blue LEDs generally will not light - they require more than the 2.7V or so supplied by the
meter.


Testing batteries
As tersely explained to the left, a battery can be tested, seperately, using a multimeter - but is
best tested (supplying power) in the equipment. This is difficult for most people.
An alternative is to buy a purpose built battery tester: This is just a meter with a resistor to draw power
from the battery, so it is tested under load, as it should be. A simple cheap battery tester is here
(For Theresa Hackett - thank you for your help)
1.5V Batteries - A Fresh battery reads 1.56V, A battery is perhaps half used at 1.35V, and
is pretty dead by the time it reaches 1.1V. (Matching figures for 9V: Full = 9.36V, Half =
8.1V, Dead = 6.6V). However, not every item is the same, and some equipment needs a
battery with low internal impedance. The amount of current a battery can deliver is not
reliably reflected by its open circuit terminal voltage. The best way to check, if in doubt, is
to measure battery voltage while the equipment is running.
Lead acid batteries - A 12V lead acid battery generally measures 13.4 to 14V while on
charge. When off charge, a full battery will be up at about 12.8V, a discharged battery at
about 11V. If a lead acid battery is in the range of 6-8V it is probably in pretty bad shape,
and over discharged, or with a shorted cell. A shorted cell makes a 12V battery pretty much
useless.
Lithium Ion batteries - Lithium Ion batteries are the newer type of rechargeable battery.
When fully charged the voltage rises to 4.2V, and at the end of charge the voltage falls to
3.0V - or sometimes down to 2.7V depending on the product. However, these batteries
need to be treated with caution. Use only the proper charger, do not short circuit, and do
not open them - Lithium incinerates on contact with water. If allowed to completely
discharge these batteries are irreversibly damaged. Despite what manufacturers may tell
you, these batteries are like any other - they will last 500-1000 charge/discharge cycles if
treated well, and that is all - then they need replacement.
The older type of rechargeable battery is Nickel Metal Hydride (NiMh) and Nickel
Cadmium (NiCd). These cells are often the same physical size as 1.5V batteries, but a
slightly lower voltage: 1.25V when charged, 0.9V when discharged. These batteries are
about twice the weight of LiIons for the same capacity. NiCd and NiMh batteries tend to self-
discharge over time, sometimes lasting only a few weeks between charges, whether or not
they are used. A good example being older NiCd cordless drills - they always seemed to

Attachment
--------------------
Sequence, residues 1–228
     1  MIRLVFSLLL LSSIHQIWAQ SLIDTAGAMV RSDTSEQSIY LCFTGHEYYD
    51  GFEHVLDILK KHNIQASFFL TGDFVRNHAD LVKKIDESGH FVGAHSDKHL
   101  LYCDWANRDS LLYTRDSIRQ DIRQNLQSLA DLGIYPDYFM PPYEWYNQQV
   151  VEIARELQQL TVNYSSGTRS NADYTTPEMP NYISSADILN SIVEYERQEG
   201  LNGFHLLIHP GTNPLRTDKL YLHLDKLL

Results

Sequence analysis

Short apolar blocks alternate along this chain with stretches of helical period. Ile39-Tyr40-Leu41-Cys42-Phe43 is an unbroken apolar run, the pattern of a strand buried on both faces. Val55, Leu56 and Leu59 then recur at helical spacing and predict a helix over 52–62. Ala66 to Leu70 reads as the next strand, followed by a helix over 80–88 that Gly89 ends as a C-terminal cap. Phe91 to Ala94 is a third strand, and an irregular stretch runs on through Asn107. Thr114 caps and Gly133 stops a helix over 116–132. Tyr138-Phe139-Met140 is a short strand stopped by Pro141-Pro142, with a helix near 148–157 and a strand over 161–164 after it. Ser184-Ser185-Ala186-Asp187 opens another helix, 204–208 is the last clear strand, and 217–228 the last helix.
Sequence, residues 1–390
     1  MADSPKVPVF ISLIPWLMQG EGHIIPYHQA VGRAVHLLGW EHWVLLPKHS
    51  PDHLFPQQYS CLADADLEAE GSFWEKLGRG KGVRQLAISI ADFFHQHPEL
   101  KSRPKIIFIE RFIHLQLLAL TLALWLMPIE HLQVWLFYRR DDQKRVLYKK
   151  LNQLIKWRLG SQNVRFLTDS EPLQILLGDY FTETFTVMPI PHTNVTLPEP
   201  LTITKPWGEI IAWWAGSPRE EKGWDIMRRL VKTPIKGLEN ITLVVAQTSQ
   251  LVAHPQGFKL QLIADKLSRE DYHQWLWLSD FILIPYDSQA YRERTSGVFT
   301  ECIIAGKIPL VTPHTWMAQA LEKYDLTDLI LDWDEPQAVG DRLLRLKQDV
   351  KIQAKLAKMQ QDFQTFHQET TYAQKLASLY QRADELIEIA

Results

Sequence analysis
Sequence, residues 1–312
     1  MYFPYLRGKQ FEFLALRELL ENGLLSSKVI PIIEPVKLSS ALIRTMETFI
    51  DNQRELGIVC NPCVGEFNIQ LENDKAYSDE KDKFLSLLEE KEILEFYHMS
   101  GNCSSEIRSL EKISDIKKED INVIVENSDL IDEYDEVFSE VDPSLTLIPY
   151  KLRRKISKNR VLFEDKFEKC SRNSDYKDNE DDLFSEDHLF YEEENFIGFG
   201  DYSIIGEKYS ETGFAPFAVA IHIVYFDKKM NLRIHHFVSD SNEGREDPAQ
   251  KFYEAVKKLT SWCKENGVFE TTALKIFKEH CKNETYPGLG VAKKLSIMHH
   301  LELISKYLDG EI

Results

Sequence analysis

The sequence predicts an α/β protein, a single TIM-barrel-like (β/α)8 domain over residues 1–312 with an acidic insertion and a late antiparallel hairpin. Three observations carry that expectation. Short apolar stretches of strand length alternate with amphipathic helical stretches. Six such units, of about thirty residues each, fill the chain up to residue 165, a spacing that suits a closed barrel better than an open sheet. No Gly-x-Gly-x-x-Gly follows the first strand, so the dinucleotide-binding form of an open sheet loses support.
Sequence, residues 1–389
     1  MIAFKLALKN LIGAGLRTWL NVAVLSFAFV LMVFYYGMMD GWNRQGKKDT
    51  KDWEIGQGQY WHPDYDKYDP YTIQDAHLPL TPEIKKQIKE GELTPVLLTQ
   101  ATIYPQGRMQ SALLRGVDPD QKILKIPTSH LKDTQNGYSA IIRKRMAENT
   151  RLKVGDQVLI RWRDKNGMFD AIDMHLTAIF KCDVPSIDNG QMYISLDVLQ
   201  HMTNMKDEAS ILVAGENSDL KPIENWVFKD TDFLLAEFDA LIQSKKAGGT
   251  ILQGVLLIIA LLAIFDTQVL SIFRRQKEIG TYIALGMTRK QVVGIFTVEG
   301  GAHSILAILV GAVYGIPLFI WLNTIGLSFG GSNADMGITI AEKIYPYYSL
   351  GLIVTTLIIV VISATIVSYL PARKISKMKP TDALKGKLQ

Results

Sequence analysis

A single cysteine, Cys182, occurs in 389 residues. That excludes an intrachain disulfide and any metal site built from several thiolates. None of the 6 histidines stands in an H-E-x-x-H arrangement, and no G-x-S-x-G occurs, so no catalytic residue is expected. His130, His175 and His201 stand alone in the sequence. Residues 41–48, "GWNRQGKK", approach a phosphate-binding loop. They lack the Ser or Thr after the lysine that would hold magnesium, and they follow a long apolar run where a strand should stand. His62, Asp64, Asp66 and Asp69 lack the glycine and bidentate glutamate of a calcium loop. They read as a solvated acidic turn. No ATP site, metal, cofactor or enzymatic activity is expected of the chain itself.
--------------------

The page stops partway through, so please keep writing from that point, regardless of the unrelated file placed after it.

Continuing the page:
have a discharged battery when you really need them! You cannot easily replace NiCd
batteries with LiIon as they are different voltages - you need to replace the whole product,
and in cordless drills the batteries are not accessible in any case. There are LSD (Low Self
Discharge) NiMh and NiCd batteries available that largely alleviate this problem, the leading
brand is Sanyo Eneloop.
Elements/Heaters - The resistance of a heater can be calculated by first finding its rated
current, and then finding its resistance using ohms law.
The heaters current is:
Power / Voltage = Current e.g. A 1200W 240V heater uses 5 Amps.
Then the heaters resistance is:
Voltage / Current = Resistance e.g. A 240V 5A heater is 48 ohms.
Knowing an expected resistance, if the heater was measured and found to be wildly
different from these values, you would guess that it was faulty. However, the ohms law
calculations are not useful for halogen lights or transformers. The 'cold' resistance of a light
bulb is frequently as little as a tenth of its running resistance - so a 500W 240V halogen
light bulb, which you would calculate to have a resistance of about 120 ohms, actually has a
'cold' resistance that measures closer to 12 ohms.
Power supplies - please note our warning at the start of this document - it is usually quite
dangerous to measure the short circuit current of a battery or power supply - don't try it! If
a power supply is unregulated, frequently the output voltage will be up to a third higher
than its rated voltage when there is no load connected. '12V' regulated supplies for
equipment that would normally be battery operated are usually 13.4 - 13.8V, not really 12V
at all! Power supplies for digital logic are normally regulated to +/-5% or better, so you
would expect a 5V power supply to be 4.75 to 5.25V without exception.
Components in circuit - Normally you have to
remove a component from a circuit in order to reliably measure its value. For instance, if a
400 ohm relay coil had a 1N4002 diode across it, it would be quite difficult to reliably
measure either the resistance of the relay coil, or the foward voltage of the diode - any